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Once again we had a great time in Kyoto and on our day trips to Fukui and Shiga. This year we had not one but two typhoons arrive! The rain dampened out clothes but not our spirits as we got out and about and enjoyed our planned activities.

Sunday 22nd

Arrival in Japan & Kyoto

Most of us arrived in the morning and made our way to Kyoto and were lucky to catch the last day of Richard Steiner's solo exhibition in downtown Kyoto. A second trip to the airport and back to Kyoto as typhoon 21 intensified. Luckily we made it back - I heard that trains were stopped in the evening!

Monday 23rd

Gion Art street Ukiyo-e galleries, Chion-in temple area, Sannenzaka Museum, Kiyomizudera, Shopping, Gion Area Temples and shops, Yasaka Shrine

The rain gradually cleared during the day and we had a lovely walk to Kiyomizudera, where we encountered the big crowds of this famous attraction. Some of us drank from the sacred spring, which the name of this temple comes from, giving us longer life! Afterwards, making our way downtown we tried okonomiyaki for dinner!

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Tuesday 24th

Visit to Shoichi Kitamura Studio, Yamashina, Daigo-ji Temple Yamashina

We had a fascinating and informative visit to Kitamura san's home studio and afterwards enjoyed the peace and tranquility of Daigo-ji. No big crowds and shopping madness here. In the evening we went to Kyoto station for dinner, then enjoyed the spectacular building and amazing night time view of Kyoto from the Skywalk.

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Wednesday 25th

Day trip to Echizen no washi sato (Paper making Village)

We took the train to Fukui prefecture to Echizen washi village where we saw papermaking, talked at lenght to the craftsmen, visited the paper museum and also walked to Okami-jinja - and amazing shrine in the mountain village. Again - lovely peace and quiet enjoying the rustic atmosphere.

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Thursday 26th

Our Mokuhanga workshop with Richard Steiner started and everyone got busy with their projects!

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Friday 27th

Our Mokuhanga workshop continued and with Richard's expert tuition everone made progress. Afterwards we visited a small traditional clothes shop where some of us bought samue - traditional craftsperson's clothes in japan. The shop owner was so happy to help everyone!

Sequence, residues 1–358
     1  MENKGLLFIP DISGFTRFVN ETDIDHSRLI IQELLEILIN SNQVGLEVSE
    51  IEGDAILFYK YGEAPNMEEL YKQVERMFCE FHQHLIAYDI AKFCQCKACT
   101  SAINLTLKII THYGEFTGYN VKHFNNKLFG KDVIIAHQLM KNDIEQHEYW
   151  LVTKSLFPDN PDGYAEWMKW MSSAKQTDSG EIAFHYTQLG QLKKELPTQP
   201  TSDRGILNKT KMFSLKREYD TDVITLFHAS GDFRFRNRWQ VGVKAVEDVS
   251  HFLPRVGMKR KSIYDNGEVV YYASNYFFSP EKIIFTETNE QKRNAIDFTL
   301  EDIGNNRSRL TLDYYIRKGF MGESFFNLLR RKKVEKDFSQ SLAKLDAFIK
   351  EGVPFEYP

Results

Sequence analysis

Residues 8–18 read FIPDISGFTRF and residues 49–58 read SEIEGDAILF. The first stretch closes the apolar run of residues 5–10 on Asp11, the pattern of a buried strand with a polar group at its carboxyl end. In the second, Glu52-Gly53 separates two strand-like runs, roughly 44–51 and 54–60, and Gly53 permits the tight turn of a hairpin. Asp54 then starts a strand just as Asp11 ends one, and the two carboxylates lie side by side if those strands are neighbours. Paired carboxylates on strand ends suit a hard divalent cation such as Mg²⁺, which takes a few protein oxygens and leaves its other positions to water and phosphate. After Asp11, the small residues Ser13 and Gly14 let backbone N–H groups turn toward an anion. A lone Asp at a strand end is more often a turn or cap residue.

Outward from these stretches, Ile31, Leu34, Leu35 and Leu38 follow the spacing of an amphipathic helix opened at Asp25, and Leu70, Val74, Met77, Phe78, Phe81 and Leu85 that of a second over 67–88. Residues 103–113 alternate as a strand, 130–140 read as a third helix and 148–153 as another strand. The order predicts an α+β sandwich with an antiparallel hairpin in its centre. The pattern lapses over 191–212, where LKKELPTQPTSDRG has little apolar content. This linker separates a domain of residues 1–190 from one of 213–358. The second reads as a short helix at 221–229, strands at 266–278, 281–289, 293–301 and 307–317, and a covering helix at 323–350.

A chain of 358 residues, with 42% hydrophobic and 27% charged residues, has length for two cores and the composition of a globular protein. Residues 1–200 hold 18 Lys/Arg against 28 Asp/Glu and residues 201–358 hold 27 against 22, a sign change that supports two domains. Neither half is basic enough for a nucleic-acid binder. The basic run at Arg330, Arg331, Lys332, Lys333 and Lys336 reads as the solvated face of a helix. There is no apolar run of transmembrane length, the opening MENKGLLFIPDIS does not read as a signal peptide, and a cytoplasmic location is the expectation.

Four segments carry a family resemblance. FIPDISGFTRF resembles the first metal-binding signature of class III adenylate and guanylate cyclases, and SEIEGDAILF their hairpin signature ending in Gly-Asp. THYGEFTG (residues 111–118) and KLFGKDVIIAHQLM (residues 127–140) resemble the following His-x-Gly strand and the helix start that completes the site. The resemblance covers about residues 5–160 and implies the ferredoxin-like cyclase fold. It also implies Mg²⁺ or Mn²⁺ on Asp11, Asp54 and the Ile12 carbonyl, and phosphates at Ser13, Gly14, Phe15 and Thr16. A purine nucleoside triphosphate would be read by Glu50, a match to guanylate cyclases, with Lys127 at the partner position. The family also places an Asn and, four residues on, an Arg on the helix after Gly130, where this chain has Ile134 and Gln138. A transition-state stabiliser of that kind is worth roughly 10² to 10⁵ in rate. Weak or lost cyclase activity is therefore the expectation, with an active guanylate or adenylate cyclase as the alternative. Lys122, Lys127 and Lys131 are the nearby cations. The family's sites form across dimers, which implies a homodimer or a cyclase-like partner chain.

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Saturday 28th

Teramachi-dori Shopping precinct, Art / Paper shops, Unsodo Mokuhanga publishers

Starting with Kyoto Shibori Museum we visited various Art supply shops, Ukiyo-e shops, stopped at some interesting cafe's and finished with a lovely kaitenzushi (Sushi train) dinner!

The rain was starting to fall for Typhoon 21 - only one week after the previous one!

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Sunday 29th

Kawaii Kanjiro's House, Kyoto Ceramics Centre, Kyoto Museum

The rain from Typhoon 22 continued nearly all day, changing our plans a little. We went to the fantastic Kawai Kanjiro museum, which is his old home, then to the newlt opened Kyoto Ukiyo-e Museum where we could see Hiroshige's 36 Views of the Tokkaido, as well as some beautiful old Hokusai prints. Afterwards we visited Nishiki-dori to see and experience the incredible array of food shops there.

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Monday 30th

Mokuhanga Workshop with Richard Steiner - Last day with Richard. Beforehand we made an early morning visit to Shimogamo Shrine.

Nice mokuhanga!

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Tuesday 31st

We took a trip to Shiga prefecture to visit Sagawa Art Museum, which had an awesome exhibition of "10 Masters of Ukiyo-e" with excellent examples of the most famous artists of that time, such as Utamaro, Kunisada, Kuniyoshi, Hokusai, Hiroshige etc. The museum itself is amazing and again it was nice to visit normal, everyday Japan

 Afterwards we visited Fushimi Inari Taisha Shrine and caught a perfect sunset view of Kyoto to end the last day.

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Wednesday 1st

In the morning we left for Kansai Airport and return to Australia, or to travel elsewhere in Japan.

What is Mokuhanga?

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Detail of traditional print "Haru Nano Higashi Genji" by Kunichika Toyohara

 

Mokuhanga is the traditional water based printing technique, originating in China and perfected in Japan.